Planning is the secret to a satisfying retirement, says Carol Lifsey, who counsels seniors and their families for Fairfax County.
"It's not that different from any other stage of life," she says. "Make decisions pre-need, that's how you stay in control."
She recommends that people begin educating themselves early about what services will be available to them as seniors. "Your forties is not too soon to start. That will give you time to do the financial planning necessary to make your plans work out."
A good place to begin, she says, is at local aging agencies. Fairfax and Arlington counties and Alexandria each have one. Aging agencies have on hand a wealth of literature on local, state, federal and private programs for seniors.
Staff counselors explain how the programs work and help families get plugged into services as they need them.
The biggest decision facing anyone in retirement is where to live. Most people prefer to stay in their own homes, but Lifsey urges seniors to explore all their options.
"Find out where your emotional base is. That's usually the best place to live at any age," she says.
That may be near lifelong friends rather than with adult children. "If you weren't near them to begin with, maybe there's a good reason for that."
And that may not be out in the country. "Someone who enjoys the diversity of the city may not be happy away from it," Lifsey says.
Lifsey suggests making many visits to a retirement community before deciding to move into one. "You can't just go for two hours and make a decision about the rest of your life. Talk to residents alone."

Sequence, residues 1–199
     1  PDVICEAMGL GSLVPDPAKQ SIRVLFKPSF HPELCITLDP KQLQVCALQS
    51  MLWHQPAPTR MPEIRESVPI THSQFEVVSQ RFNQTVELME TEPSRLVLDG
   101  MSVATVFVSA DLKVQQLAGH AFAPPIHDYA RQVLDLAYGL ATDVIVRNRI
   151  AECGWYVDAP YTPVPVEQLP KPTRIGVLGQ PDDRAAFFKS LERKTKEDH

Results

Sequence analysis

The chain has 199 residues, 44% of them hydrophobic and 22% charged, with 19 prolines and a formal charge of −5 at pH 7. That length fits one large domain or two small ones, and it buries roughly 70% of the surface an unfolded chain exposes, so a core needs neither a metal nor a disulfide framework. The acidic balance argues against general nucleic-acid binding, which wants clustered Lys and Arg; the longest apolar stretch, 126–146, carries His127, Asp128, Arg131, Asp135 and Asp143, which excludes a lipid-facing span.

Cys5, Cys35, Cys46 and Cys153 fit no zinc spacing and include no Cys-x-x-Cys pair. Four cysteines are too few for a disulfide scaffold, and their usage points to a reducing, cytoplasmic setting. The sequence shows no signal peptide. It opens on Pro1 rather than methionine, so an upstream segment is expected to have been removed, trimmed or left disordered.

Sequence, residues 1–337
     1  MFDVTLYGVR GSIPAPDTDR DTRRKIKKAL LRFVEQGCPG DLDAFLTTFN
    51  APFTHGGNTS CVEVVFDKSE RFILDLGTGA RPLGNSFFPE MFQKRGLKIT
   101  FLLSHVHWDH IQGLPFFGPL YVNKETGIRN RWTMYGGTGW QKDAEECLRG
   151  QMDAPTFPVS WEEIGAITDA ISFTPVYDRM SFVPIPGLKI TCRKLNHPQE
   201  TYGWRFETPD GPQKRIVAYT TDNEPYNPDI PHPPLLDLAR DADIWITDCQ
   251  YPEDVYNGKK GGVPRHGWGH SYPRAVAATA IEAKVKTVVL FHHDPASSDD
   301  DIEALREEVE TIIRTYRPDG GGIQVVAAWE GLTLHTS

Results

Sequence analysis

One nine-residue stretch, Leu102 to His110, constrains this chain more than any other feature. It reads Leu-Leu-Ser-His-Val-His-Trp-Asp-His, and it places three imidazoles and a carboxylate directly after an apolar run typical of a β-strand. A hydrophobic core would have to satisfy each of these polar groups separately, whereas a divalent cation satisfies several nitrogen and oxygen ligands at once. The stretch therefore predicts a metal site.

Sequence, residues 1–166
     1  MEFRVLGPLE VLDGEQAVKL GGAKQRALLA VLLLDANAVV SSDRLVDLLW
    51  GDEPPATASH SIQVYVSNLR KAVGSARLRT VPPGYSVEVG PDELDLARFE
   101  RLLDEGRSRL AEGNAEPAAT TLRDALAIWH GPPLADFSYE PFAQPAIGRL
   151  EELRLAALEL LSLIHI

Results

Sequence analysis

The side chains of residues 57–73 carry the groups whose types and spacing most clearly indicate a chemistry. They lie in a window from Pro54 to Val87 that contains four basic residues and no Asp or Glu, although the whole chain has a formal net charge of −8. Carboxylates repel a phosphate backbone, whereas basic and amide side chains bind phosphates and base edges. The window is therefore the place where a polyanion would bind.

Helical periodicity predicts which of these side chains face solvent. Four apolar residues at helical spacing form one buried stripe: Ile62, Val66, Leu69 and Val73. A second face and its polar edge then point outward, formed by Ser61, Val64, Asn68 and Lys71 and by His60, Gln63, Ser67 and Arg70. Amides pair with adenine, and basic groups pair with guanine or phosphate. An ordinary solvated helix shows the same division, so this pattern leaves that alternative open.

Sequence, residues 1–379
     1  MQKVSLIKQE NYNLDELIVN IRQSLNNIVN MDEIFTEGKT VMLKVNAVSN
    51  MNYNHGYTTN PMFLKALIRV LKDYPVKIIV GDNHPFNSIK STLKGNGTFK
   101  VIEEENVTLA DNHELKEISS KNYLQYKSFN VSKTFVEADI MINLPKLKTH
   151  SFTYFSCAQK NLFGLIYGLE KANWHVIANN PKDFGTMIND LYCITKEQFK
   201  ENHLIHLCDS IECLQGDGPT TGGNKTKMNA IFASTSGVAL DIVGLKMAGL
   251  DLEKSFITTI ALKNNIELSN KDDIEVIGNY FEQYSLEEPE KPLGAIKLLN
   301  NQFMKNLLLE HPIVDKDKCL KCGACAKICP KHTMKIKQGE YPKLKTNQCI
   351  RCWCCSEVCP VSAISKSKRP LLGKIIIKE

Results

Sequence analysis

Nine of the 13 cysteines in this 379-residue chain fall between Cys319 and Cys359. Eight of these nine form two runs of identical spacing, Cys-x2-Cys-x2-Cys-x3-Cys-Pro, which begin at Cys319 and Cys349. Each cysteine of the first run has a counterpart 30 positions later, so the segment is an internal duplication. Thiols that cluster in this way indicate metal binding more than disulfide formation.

The second-biggest decision is how to use the time that retirement offers. "Look inward and find what you enjoy most," she says. "But be realistic. If you couldn't sing when you were 20, you're probably not going to become an opera star in your retirement."
An important part of the planning, she says, is to separate fear from need. "People usually need less than they fear. Fear overwhelms judgment and makes good decision-making nearly impossible."
A little counseling is sometimes all that is necessary to refocus on the real problems, she says.
Lifsey urges seniors to involve other family members in discussions about their preferences and their decisions. "You're a whole lot more likely to get the kind of help from them you need and want."
"Positive Aging" is the subject of a five-session discussion group that starts tonight at the Falls Church Community Center. For more information, call the Fairfax County Senior Enrichment Program at 506-2200.